One source who meets with Professor Dershowitz from time to time in Washington claims that Alan insists that UNWRA is another one of Israel’s growing number of existential threats, this because the UN agency “keeps the Palestinian refugee issue alive and allows human rights types to keep the issue of wrongful dispossession of their homes and land before the global community and with no end in sight.”
Though he makes regular trips to Israel, Alan doesn’t come around Lebanon or Syria much, and frankly this observer has only met him a couple of times. He claims to have a photographic memory and maybe that is why he doesn’t seem to cotton much to this observer. Perhaps he remembers, and even holds a grudge of some kind, from our first meeting more than a quarter century ago. On that day, Alan came to see me in my Congressional House Judiciary office in the Rayburn building. I am not sure who referred him, but only an hour earlier, my boss, Congressman John Conyers, Chairman of Subcommittee on Criminal Justice, called to give me a last minute assignment. It was simple enough, and I had done it before. Congressman Conyers wanted me to escort a visiting judicial official from another country, in this case the chief justice from Egypt’s highest court, across the lawn from Rayburn for a meeting at the Supreme Court with our CJ, Warren Burger. An easy enough assignment it was, because Burger invariably was pleasant, with a southern style aura of gentility about him, but fifteen minutes before the Egyptian CJ was due to join me, an intense, smallish, fast-talking guy shows up, announces he is from the Harvard Law School, and must join “the Egyptian” during his meeting with Burger. Frankly it did not matter much to me one way or the other, but I did call my supervisor, Hayden Gregory, for advice. Basically his reply was, “Not a chance! No way!” Only later did I learn Alan had rubbed Hayden the wrong way over proposed “federal determinate sentencing guidelines,” an issue before our committee at the time.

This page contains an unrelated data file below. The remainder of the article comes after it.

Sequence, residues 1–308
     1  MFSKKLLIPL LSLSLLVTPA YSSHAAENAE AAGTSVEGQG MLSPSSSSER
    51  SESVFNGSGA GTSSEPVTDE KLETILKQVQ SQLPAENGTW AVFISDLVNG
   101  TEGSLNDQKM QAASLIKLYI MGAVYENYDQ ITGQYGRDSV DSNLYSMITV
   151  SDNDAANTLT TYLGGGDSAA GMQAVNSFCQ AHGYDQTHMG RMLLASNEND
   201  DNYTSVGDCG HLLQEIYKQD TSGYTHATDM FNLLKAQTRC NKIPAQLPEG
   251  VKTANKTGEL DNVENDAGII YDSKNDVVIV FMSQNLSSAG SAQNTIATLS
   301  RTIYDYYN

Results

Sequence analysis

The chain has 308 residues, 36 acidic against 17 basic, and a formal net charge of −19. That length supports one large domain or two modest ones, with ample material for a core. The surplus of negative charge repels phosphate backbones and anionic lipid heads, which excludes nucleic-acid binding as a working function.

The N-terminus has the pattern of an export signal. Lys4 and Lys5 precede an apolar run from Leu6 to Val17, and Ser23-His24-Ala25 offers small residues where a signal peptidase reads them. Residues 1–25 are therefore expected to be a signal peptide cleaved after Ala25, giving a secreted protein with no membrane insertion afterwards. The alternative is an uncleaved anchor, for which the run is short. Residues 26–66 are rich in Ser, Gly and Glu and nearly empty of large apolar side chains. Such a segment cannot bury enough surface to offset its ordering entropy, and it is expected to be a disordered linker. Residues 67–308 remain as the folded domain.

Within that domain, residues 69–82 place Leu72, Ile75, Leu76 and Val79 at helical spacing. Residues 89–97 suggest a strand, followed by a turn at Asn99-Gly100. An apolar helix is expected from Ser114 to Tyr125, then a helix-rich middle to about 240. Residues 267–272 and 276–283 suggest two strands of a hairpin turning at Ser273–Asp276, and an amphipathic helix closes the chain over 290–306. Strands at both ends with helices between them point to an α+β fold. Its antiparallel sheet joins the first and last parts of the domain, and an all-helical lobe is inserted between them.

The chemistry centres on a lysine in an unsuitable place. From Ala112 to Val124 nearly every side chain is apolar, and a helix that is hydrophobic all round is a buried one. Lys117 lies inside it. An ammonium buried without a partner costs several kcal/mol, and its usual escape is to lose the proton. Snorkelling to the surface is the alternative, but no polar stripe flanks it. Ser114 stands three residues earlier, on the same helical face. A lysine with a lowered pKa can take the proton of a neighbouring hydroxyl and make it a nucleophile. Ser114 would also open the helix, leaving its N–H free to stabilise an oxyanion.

Long story short, Alan would not take no for an answer. When I made it clear he was not invited and could not join the meeting he became angry and stormed off.
He may still remember, but with me it was not personal, and in any event all this is by way of saying that UNWRA had better baton down its hatches because they have more problems coming their way than they realize or are ready for.